Although vegetable oils are primarily used in foods, they also serve as industrial feedstocks (Table 7.3). A few oils are targeted entirely to such uses. Highly unsaturated ‘‘drying oils’’ such as linseed oil are desirable for paints and coatings; lauric acid (12:0) in coconut and palm kernel oil is a vital component of soaps and detergents; castor oil, which contains the unusual hydroxy-fatty acid ricinoleic acid (12-hydroxy-18:1Δ9), is used for certain plastics and lubricants; and high erucate (22:1Δ13) rapeseed oil contains the raw material for Nylon 1313 and slip agents used in the manufacture of sheet plastic. Edible oils may likewise serve industrial purposes. For example, in the United States, 12% of soybean oil is currently channeled to products ranging from lubricants and biodiesel fuels to inks, polyurethane, and candles (American Soybean Association, 2007). As petroleum stocks dwindle, it is likely that vegetable oils will play a greater industrial role.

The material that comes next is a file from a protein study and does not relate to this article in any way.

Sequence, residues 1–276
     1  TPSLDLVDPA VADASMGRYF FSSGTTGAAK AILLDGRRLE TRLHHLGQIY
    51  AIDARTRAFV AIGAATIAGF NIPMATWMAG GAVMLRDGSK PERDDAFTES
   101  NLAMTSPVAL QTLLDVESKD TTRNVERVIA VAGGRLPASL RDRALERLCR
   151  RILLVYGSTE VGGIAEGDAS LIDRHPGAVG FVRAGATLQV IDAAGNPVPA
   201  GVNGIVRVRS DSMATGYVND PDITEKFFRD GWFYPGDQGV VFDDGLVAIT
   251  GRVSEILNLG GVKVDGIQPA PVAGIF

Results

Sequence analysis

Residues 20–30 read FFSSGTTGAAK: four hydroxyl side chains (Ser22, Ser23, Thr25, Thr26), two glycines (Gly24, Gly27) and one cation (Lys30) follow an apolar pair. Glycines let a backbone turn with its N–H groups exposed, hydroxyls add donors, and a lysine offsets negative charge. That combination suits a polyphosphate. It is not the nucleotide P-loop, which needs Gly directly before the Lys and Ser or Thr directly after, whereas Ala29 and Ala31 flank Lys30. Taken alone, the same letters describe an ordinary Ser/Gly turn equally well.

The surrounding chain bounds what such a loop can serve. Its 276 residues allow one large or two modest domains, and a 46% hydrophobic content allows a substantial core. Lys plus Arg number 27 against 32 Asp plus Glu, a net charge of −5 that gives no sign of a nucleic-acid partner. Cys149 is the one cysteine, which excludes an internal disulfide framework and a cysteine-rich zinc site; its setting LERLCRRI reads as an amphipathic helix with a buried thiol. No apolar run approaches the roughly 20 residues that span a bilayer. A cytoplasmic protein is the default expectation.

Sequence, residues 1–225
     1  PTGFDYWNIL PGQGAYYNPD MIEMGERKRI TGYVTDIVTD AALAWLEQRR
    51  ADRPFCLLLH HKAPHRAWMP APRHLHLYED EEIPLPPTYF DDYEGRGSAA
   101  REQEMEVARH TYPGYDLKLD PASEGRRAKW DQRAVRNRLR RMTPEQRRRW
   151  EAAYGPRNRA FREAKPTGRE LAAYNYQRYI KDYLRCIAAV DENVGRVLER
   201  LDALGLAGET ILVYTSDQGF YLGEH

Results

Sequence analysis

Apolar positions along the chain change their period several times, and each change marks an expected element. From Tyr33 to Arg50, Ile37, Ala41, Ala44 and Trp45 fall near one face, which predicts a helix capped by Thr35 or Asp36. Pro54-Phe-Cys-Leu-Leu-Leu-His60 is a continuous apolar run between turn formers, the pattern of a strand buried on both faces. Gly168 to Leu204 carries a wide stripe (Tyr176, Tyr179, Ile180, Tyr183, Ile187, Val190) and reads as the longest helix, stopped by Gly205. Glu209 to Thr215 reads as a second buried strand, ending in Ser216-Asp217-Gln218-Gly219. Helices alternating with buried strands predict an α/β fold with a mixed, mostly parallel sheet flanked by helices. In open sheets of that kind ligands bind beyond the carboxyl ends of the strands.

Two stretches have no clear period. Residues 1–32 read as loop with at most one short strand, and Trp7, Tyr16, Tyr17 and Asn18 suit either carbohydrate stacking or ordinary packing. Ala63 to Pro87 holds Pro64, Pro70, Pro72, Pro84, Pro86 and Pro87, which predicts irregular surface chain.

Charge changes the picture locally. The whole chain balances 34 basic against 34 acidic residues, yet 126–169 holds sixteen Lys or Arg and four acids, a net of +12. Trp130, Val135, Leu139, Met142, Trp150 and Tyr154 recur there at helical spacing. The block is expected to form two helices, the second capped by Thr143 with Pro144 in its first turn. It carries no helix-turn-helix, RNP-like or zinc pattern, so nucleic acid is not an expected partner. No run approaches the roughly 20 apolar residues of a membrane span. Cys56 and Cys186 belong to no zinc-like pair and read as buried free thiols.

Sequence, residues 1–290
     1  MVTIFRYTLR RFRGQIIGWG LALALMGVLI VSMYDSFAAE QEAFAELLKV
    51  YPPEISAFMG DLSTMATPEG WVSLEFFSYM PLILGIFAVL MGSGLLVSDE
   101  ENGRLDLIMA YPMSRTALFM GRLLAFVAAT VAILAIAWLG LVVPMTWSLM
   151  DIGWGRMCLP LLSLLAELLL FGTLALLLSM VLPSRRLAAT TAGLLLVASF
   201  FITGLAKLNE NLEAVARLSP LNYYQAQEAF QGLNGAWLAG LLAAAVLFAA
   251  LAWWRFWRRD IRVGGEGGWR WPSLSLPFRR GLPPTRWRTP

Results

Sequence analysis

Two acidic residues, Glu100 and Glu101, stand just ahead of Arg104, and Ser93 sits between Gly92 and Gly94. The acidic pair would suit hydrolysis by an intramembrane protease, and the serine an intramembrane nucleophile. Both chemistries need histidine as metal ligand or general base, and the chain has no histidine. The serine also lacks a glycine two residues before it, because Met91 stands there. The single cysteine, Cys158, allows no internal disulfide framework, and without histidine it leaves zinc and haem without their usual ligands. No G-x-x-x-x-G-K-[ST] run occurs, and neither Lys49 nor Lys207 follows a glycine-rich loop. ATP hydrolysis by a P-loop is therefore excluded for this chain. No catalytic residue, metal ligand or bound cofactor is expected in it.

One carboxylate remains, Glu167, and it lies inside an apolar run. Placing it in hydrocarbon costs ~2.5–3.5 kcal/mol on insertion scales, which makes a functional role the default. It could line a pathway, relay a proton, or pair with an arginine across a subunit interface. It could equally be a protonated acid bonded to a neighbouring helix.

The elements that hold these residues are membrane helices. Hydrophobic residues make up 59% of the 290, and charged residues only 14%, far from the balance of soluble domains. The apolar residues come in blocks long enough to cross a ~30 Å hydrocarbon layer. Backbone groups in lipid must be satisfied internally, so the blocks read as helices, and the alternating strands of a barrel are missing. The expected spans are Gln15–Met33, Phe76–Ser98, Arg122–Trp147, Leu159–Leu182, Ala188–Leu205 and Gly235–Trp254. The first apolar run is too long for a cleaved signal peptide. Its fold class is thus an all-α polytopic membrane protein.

In addition to control of oil composition, improvement of total yield of oil crops is a major goal of breeders and molecular biologists. To some extent, such improvement can involve parameters beyond the scope of this discussion. Flower number and seed set, disease resistance and fruit or seed size are only a few examples of factors indirectly affecting oil production. At a more direct level, scientists are attempting to identify control points for carbon flux into fatty acids, factors influencing partitioning of fatty acids between structural lipids and TAG, and regulatory elements determining overall expression of lipid biosynthesis genes.